Today is World Nutella Day, and while we do truly adore the spread, we would like to offer a more sustainable and homemade approach. Nutella was born here in Italy but it was derived from a classic early 19th century Italian spread called “gianduja” (pronounced john doo ya).
As with many great inventions, gianduja was born from necessity. When the Venetian empire fell to Napoleon in 1797, the conquerer imposed a ban on British imports in response to a naval blockade installed by the United Kingdom along the coast of France. This resulted in a strain on cocoa supplies to Italy, crippling Italian chocolatiers. One such chocolatier named Michele Prochet, from the Piedmont region of Italy, (an area famous for hazelnuts to this day), dabbled with ways to stretch the cocoa supplies out. He took what little cocoa rations he had, and mixed them with something he had in abundance: hazelnuts. He ground the hazelnuts into a paste, added cocoa, vanilla and sugar, then introduced it at a local carnevale celebration in Turin, naming it after “Gianduja,” a marionette who symbolized the Piedmontese villagers.
Fast forward to the 20th century when another Italian chocolatier named Pietro Ferrero (of Ferrero Rocher fame) found himself facing the same challenge as Prochet: a cocoa shortage during World War II. He took the base of gianduja, added almonds, molasses, and vegetable fat, which resulted in a firm loaf sold in slices. But it wasn’t until 1949 when one of history’s famous culinary mishaps occurred: an accidental dose of cocoa butter was mixed in a batch, and the result was a paste soft enough to spread. Nutella was born.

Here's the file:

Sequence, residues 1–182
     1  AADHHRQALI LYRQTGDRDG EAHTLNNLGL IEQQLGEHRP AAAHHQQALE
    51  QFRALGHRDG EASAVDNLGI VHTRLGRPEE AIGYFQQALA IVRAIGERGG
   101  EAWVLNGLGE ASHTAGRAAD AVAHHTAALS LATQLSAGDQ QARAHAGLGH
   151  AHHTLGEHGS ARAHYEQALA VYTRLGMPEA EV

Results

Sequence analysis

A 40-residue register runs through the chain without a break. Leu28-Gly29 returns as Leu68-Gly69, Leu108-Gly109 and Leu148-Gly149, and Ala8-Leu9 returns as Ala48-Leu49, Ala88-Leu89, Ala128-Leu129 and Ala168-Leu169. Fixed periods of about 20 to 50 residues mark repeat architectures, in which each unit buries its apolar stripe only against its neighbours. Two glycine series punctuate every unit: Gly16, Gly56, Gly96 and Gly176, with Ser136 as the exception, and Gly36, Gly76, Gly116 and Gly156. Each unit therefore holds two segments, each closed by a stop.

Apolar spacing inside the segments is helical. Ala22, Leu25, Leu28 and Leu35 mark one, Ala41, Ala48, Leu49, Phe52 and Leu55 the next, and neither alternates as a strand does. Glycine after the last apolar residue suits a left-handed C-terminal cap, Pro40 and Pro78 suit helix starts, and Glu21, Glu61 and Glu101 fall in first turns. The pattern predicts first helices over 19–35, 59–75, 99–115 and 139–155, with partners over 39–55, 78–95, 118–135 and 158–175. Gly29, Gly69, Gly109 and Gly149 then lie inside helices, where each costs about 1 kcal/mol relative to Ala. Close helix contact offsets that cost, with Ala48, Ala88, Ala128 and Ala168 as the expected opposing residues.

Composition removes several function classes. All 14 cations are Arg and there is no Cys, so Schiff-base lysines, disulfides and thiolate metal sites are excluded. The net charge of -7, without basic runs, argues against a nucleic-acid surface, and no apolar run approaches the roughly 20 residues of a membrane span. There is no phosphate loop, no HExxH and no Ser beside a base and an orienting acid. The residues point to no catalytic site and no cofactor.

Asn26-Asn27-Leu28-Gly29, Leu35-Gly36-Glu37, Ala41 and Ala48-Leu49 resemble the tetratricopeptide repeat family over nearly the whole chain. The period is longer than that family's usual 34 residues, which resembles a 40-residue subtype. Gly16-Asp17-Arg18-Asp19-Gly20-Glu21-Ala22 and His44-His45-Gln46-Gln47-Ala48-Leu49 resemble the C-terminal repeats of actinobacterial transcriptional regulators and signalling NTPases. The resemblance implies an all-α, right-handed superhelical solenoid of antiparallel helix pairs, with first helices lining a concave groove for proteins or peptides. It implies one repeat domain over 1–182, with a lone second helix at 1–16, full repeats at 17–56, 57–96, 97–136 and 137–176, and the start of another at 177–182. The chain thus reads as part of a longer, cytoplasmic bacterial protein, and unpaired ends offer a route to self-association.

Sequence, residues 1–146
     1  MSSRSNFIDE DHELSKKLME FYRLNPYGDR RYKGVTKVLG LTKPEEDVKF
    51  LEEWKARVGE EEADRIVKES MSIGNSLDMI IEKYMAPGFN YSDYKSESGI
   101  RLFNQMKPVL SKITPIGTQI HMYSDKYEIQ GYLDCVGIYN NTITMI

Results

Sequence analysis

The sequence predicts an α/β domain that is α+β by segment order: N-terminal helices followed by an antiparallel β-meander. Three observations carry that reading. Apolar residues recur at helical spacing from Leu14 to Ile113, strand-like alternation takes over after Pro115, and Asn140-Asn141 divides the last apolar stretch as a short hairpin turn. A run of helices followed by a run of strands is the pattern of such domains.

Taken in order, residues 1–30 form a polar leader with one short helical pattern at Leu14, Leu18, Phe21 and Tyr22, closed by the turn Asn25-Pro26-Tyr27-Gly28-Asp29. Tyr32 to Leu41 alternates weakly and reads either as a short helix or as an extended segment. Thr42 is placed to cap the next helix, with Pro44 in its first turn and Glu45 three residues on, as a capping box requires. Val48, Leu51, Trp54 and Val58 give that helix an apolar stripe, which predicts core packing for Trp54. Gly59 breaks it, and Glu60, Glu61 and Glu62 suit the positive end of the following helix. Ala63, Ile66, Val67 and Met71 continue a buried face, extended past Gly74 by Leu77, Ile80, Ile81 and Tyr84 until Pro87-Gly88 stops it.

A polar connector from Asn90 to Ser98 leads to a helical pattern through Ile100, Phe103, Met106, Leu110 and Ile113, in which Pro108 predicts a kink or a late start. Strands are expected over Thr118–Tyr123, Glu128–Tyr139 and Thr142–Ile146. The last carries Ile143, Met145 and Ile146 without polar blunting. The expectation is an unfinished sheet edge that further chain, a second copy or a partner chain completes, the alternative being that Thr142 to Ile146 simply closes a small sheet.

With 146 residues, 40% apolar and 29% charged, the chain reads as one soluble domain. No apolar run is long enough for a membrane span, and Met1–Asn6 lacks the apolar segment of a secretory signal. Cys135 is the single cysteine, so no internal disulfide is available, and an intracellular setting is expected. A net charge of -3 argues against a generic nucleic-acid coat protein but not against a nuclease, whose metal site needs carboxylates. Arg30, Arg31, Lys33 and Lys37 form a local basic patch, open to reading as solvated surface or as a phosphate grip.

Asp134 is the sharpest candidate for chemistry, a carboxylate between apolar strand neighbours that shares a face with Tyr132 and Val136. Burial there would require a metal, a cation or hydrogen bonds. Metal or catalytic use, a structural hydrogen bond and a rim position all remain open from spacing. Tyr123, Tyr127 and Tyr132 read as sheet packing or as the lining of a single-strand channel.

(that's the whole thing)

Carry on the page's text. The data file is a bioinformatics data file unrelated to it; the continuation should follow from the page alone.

The original Nutella has changed a lot since then, and bears little resemblance to its grandmother, gianduja. Here in Venice, we can get delicious homemade gianduja from great chocolatiers like VizioVirtu, that have a smooth consistency similar to Nutella, although we also like to make our own. This traditional recipe is what we love to keep in the house. It’s a bit grainy due to the limitations of because of our food processor, but we happen to love that texture and also love that we can control the sugar content. Feel free to experiment with your own tastes — more or less sugar, lighter or darker chocolates, adding spices, or even different nuts!
2 cups (300g) blanched hazelnuts*
⅓ cup (70g) sugar
1 cup (237g) water
1 pound (454g) semisweet of bittersweet chocolate (we like Valrhona Caraibe 66 percent cacao), roughly chopped
½ cup (1 stick / 113g) unsalted butter, at room temperature, cut into pieces
1 cup (240g) heavy cream
½ teaspoon salt
In a food processor, grind the hazelnuts and sugar until they form a smooth(ish) paste, stopping often to scrape the sides of the bowl. This will take about 5 – 8 minutes depending on your machine and how smooth you want to make it.
In a double boiler, or in large heatproof bowl set over a pan of boiling water, melt the chocolate, stirring often until melted. Be sure the boiling water does not touch the bottom of the bowl, if using that method. Remove the chocolate from the heat.
Stir in the butter until it melts completely. Add the cream and salt and mix well. Stir in the hazelnut paste. Transfer to a container and refrigerate until cool. It will firm up and turn into a spreadable consistency similar to cream cheese. Keep covered and chilled. Gianduia can be refrigerated for up to 4 weeks. Before serving, let the gianduja come to room temperature — remove from the refrigerator about 1 hour.
*If you cannot find blanched hazelnuts, toast the nuts in an oven or a hot pan for a few minutes, then place in a lightly damp towel. Rub the nuts together until the skins fall off.